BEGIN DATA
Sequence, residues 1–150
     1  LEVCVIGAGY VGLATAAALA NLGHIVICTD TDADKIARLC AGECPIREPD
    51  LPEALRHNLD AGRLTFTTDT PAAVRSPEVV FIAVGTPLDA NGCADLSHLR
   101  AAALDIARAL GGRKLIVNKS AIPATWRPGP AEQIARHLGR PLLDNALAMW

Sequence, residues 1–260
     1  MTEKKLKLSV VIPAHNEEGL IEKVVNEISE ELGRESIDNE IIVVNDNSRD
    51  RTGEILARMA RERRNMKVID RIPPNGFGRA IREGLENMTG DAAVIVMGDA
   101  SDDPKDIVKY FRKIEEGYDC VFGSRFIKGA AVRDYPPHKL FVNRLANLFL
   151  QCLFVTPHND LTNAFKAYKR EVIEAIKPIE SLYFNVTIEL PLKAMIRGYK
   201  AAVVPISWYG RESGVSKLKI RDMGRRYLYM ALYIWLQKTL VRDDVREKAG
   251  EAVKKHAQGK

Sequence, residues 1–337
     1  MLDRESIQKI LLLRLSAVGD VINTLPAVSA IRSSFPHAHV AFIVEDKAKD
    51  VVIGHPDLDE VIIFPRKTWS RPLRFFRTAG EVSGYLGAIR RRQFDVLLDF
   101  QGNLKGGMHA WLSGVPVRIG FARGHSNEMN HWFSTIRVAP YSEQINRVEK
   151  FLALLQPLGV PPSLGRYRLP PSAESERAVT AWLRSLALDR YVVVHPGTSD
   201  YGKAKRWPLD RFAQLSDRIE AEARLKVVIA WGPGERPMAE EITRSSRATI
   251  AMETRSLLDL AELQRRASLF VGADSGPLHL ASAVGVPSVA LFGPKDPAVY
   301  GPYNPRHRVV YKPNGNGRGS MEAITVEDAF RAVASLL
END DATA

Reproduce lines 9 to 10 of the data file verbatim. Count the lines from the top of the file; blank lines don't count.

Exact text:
   151  QCLFVTPHND LTNAFKAYKR EVIEAIKPIE SLYFNVTIEL PLKAMIRGYK
   201  AAVVPISWYG RESGVSKLKI RDMGRRYLYM ALYIWLQKTL VRDDVREKAG